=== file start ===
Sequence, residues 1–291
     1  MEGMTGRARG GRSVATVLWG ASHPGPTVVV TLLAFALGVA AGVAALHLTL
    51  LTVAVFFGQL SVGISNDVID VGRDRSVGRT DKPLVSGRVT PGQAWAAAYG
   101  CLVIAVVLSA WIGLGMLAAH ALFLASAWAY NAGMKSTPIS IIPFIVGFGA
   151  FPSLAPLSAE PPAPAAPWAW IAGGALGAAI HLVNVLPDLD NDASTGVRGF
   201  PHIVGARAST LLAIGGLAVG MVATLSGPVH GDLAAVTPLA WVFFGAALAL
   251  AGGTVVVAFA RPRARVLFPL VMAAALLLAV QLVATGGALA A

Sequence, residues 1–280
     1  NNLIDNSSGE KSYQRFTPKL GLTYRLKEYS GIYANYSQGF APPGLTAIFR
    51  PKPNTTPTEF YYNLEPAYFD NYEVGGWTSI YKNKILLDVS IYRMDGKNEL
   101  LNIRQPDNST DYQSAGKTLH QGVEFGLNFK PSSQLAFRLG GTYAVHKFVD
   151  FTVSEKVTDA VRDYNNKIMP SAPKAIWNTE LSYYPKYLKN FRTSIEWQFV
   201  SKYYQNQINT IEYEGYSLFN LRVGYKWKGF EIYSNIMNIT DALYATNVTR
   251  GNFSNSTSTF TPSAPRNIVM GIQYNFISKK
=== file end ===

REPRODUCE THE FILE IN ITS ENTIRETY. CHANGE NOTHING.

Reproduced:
Sequence, residues 1–291
     1  MEGMTGRARG GRSVATVLWG ASHPGPTVVV TLLAFALGVA AGVAALHLTL
    51  LTVAVFFGQL SVGISNDVID VGRDRSVGRT DKPLVSGRVT PGQAWAAAYG
   101  CLVIAVVLSA WIGLGMLAAH ALFLASAWAY NAGMKSTPIS IIPFIVGFGA
   151  FPSLAPLSAE PPAPAAPWAW IAGGALGAAI HLVNVLPDLD NDASTGVRGF
   201  PHIVGARAST LLAIGGLAVG MVATLSGPVH GDLAAVTPLA WVFFGAALAL
   251  AGGTVVVAFA RPRARVLFPL VMAAALLLAV QLVATGGALA A

Sequence, residues 1–280
     1  NNLIDNSSGE KSYQRFTPKL GLTYRLKEYS GIYANYSQGF APPGLTAIFR
    51  PKPNTTPTEF YYNLEPAYFD NYEVGGWTSI YKNKILLDVS IYRMDGKNEL
   101  LNIRQPDNST DYQSAGKTLH QGVEFGLNFK PSSQLAFRLG GTYAVHKFVD
   151  FTVSEKVTDA VRDYNNKIMP SAPKAIWNTE LSYYPKYLKN FRTSIEWQFV
   201  SKYYQNQINT IEYEGYSLFN LRVGYKWKGF EIYSNIMNIT DALYATNVTR
   251  GNFSNSTSTF TPSAPRNIVM GIQYNFISKK